ICONIC CORPSE The Head of Jeremy Bentham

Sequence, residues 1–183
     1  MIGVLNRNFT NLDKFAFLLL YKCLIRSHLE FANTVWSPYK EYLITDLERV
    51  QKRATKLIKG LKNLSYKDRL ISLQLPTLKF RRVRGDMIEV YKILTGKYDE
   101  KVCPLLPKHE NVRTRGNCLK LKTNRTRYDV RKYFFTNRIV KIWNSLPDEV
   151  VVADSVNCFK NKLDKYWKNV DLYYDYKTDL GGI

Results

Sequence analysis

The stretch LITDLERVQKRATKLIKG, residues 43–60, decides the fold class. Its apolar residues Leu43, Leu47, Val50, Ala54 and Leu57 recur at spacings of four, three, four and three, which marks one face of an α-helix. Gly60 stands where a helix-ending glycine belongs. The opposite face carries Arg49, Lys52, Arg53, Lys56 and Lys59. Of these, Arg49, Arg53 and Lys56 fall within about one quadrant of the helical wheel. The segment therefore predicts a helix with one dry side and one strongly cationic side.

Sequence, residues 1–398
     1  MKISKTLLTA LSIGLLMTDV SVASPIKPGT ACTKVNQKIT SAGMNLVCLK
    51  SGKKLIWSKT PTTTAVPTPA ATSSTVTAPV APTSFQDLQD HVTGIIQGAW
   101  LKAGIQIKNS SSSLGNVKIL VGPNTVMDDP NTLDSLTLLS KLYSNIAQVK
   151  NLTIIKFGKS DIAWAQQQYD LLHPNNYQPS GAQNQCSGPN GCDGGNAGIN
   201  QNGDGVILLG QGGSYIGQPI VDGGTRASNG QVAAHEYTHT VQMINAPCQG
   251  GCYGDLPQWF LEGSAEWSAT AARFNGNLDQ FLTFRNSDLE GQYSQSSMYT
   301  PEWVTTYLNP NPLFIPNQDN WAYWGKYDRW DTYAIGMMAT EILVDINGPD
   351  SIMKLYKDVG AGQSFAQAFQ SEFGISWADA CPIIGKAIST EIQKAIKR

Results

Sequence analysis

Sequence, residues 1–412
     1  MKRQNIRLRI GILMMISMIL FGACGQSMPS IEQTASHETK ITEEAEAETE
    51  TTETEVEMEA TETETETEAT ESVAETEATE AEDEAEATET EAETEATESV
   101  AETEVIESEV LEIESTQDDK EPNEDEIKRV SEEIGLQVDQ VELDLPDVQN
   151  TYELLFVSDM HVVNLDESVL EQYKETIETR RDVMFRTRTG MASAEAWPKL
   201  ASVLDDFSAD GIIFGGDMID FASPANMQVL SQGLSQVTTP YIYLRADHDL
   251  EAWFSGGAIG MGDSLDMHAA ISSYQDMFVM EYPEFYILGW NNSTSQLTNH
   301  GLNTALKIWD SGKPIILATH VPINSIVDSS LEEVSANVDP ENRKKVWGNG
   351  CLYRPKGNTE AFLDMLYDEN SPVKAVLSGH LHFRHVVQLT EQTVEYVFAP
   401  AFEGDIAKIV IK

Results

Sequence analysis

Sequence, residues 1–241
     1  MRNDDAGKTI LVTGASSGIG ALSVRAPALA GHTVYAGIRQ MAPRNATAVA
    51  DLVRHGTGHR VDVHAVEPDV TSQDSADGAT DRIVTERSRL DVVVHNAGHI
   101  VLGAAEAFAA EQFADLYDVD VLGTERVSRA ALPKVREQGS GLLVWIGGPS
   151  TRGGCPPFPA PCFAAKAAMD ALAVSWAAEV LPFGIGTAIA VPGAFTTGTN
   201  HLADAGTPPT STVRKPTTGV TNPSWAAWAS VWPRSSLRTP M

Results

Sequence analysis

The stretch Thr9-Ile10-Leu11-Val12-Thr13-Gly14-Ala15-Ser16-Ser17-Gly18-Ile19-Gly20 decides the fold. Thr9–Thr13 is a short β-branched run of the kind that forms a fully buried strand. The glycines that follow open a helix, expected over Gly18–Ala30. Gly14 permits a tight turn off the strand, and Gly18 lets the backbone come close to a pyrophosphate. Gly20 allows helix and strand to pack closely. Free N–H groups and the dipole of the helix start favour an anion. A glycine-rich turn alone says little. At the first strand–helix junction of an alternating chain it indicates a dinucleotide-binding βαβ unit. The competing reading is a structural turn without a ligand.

- As the father of modern utilitarianism, Jeremy Bentham believed that his usefulness didn't have to end with his death. So in his last will and testament, Bentham instructed that his body should be dissected, and his preserved corpse, or auto-icon as he called it, clothed, displayed, and occasionally taken out to socialize when his colleagues would assemble. It might have been ego, it might have been one last practical joke, but more than anything, it seems that Jeremy Bentham really believed his corpse should be a source of joy and learning. Just this year, Bentham's head has come out of storage to bring happiness to the masses and have science test his 269 year old DNA. Could it be? Was Jeremy Bentham a sort of Proto-Deathling? (dinging) Could it be? It's because of this, okay, and the marvelously botched job done on Bentham's mummified head, that we celebrate Jeremy Bentham, iconic corpse. (dramatic sting) Since 1850, University College London has been home to what's left of Jeremy Bentham's corpse. As per his wishes, Bentham's auto-icon is dressed in a black suit, seated in the chair with his cane, inside a wooden case. And while Bentham presents an odd but relatively innocuous figure in the halls of UCL, his curb appeal is largely because he's not quite all there! You see it's his head. That's not his real head. It's a wax head. I mean, it has some of his real hair, but that's it. So what happened to Bentham's real head? In June of 1832, 84 year old Jeremy Bentham died. As requested, his body was given to his friend Dr. Southwood Smith, who carried out Bentham's dissection. Bentham's dissection was rather controversial, as few people, especially people of Bentham's wealth and status would consider submitting their body to science. Before his death, Bentham had actually helped devise the Anatomy Act of 1832, an act of parliament in the UK that allowed bodies to be donated by the next of kin, as well as unclaimed bodies, to be dissected. Additionally, individuals like Bentham could will their corpse to physicians for study. The act helped end grave robbery and greatly advance the understanding of human anatomy, but was not without controversy of its own. Some, particularly Bentham's friend Dr. Smith, felt the this Act unfairly targeted the corpses of the poor and homeless. Said Smith: "How is it to be expected "that the uninstructed and ignorant "will sacrifice their own feelings for the public good, "when the best regulated shrink from the obligation?" By donating his body for dissection, Bentham hoped to set an example for the elite and educated, that everyone should voluntarily donate their body to science for the common good. Of course this was easier for Bentham because he was also an atheist who thought any sort of traditional or Christian burial was a waste, and pointless. But back to Bentham's head. During Bentham's dissection, his skin was stripped from his bones and his soft parts were placed inside labeled glass jars, like wine decanters. His skeleton was then articulated with copper wire, so that he could be moved and arranged like old, white man Gumby, (dinging) and dressed in one of his black suits. The suit was stuffed with cotton, straw, and hay, and his abdominal cavity contained moth repellents, naphthalene and lavender. But the piece de resistance (kisses fingers) was Jeremy Bentham's head. Well, it was supposed to be. (short buzzing) ♫ Bensom's Head - As outlined in his will, Bentham intended for his head to be mummified as a Mokomokai, as practiced by the Maoris of New Zealand. The way the Maoris did it was to remove the corpse's brain and eyes, boil the head, then smoke it over a fire and dry it in the sun. The desiccated head would be treated with shark oil and kept in a box by the family. Later, during times of war, the Mokomokai were exchanged for items during peace negotiations. But Bentham's head wasn't quite transformed into the triumphant Mokomokai he'd envisioned. Placing bright blue glass eyes in Bentham's head, the very glass eyes Bentham had carried around on his person for six months before he died, just in case, Dr. Smith suspended the head over sulfuric acid under glass, and used a vacuum to remove the moisture from the head. The results were, not good! Rendered discolored, leathery, sunken, and craggy, Bentham's head, with its spooky blue eyes gazing out at you has been described as ghastly. Unwilling to put the horrific head on Bentham's body, Smith had a wax recreation made and placed atop the skeleton. Bentham's actual head was displayed between the auto-icon's feet until some time between the 1970s and 1990s, nobody's actually sure, when repeated pranks involving the stealing of the head reportedly caused University College London to place the head in a box under lock and key. Nowadays visitors to Bentham's body are really only seeing his wired bones in Bentham's stuffed clothes, and the wax head that Smith commissioned. But you're in luck deathlings! Bentham's real head is currently on display until March 1, 2018 as part of UCL's What Does It Mean To Be Human? Curating Heads at UCL exhibition. And of course, UCL has more than one preserved head! Didn't your alma mater? The other one belongs to Egyptologist, Flinders Petrie. In addition to being on display, the DNA in Bentham's head is being tested for evidence that he had Asperger's or some form of autism, using techniques for examining Ancient DNA being developed by the Natural History Museum. 185 years after his death, Jeremy Bentham's remains continue to fascinate and yes, bring happiness, to a great number of people. While his auto-icon didn't quite turn out as planned, it's that added layer of a morbid mishap that makes Jeremy Bentham an iconic corpse. Iconic corps! Don't lose your head. This video was made with generous donations from death enthusiasts just like you. (jazzy music) English, my mains! ♫ Bensom's Head